There have been flash flood warnings for Southeast Louisiana this week. And while areas around town flood, the city of New Orleans is poised to pass a new zoning ordinance that will help with some of that water. But not all of it.
Between 2-4 inches of rain are expected to fall over the next few days, and that makes it hard to do some basic things. Like get in your car.
A new levee board created to build flood protection projects in St. Tammany Parish is meeting for the first time today.
The nine commissioners of the St. Tammany Levee, Drainage and Conservation District will meet in Mandeville.
Nola.com/The Times-Picayune reports the board is made up of gubernatorial appointees from communities throughout the parish.
The board was set up by the Legislature this year. It will work as other levee boards do in Louisiana — looking after the parish's flood control needs. As a political subdivision of the state, it has taxing authority.
WWNO’s Coastal Desk has been on tour, looking at water management in other cities. Austin and Philadelphia were the first stops. Now we’ll hear about the final city: Milwaukee, Wisconsin.
A delegation of New Orleans city officials and non-profit leaders recently headed to Wisconsin. They learned how Milwaukee, built as an industrial hub, has become one of the greenest big cities in the country.
Originally published on Sat October 4, 2014 10:12 am
The nominating committee for the South East Louisiana Flood Protection Authority-East has made its selection to fill a slot on the levee board. They voted 7-3 a week ago to renominate Paul Kemp — a geologist in the Coastal Ecology Institute at LSU — who’s current term is expiring.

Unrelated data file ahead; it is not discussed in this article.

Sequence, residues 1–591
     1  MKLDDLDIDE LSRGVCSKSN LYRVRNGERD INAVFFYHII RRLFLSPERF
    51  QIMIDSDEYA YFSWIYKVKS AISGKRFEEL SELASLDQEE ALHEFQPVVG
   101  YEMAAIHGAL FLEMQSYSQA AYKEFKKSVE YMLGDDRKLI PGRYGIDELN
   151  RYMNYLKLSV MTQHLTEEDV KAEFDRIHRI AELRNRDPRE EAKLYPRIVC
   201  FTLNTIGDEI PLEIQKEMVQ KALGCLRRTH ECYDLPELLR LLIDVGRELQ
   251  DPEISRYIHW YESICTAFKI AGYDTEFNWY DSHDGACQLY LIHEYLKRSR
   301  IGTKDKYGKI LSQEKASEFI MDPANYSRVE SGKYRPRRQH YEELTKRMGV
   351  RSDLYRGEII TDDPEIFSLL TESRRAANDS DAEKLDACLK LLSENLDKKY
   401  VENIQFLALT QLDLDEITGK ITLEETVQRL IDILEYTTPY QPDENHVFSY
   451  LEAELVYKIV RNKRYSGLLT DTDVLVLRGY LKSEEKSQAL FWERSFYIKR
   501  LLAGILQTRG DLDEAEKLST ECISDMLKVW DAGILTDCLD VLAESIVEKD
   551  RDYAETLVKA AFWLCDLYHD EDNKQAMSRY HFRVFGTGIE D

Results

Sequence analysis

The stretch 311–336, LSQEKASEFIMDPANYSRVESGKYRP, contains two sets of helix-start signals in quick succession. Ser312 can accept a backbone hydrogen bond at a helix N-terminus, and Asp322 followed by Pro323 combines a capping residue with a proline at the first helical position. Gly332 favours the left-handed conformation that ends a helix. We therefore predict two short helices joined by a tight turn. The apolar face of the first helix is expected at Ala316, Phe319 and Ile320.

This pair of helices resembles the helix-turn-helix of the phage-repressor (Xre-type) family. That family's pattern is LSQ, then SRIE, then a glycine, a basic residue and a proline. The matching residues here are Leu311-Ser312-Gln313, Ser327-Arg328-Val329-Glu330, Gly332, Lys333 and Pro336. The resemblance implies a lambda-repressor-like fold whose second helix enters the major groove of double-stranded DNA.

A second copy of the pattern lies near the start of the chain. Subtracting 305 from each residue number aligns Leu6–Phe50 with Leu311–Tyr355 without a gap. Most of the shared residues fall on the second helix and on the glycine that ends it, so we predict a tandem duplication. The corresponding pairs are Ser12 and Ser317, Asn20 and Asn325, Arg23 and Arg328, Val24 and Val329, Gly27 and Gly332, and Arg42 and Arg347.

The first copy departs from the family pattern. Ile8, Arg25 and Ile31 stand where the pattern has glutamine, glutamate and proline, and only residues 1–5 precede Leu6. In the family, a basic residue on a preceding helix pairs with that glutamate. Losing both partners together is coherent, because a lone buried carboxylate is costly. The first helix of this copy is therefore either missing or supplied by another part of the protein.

The ball is back in Gov. Jindal’s court — he can accept or reject Kemp’s nomination or ask the state Senate to consider it — and the fate of the levee board’s lawsuit against oil and gas companies over damage to coastal wetlands hangs in the balance.
Bob Marshall, reporter with The Lens in New Orleans, has been following all this.
New Orleans Sewerage and Water Board launches initiative for green infrastructure projects.
The Sewerage and Water Board of New Orleans is getting a little greener. On Thursday night the Board unveiled seven green infrastructure projects it’s partnering on that aim to improve community outreach and participation in the city’s water management.
Last week a delegation from the Crescent City traveled to Austin, Texas. The idea: to check out how Austin manages its water. Drought-stricken Texas has too little water; New Orleans often has too much. But they have a surprising amount to learn from each other.